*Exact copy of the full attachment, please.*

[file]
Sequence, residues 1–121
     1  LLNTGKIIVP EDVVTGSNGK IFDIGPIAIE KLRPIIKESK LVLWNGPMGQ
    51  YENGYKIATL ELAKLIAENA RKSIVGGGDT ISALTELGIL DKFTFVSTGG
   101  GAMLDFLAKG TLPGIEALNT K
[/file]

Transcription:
Sequence, residues 1–121
     1  LLNTGKIIVP EDVVTGSNGK IFDIGPIAIE KLRPIIKESK LVLWNGPMGQ
    51  YENGYKIATL ELAKLIAENA RKSIVGGGDT ISALTELGIL DKFTFVSTGG
   101  GAMLDFLAKG TLPGIEALNT K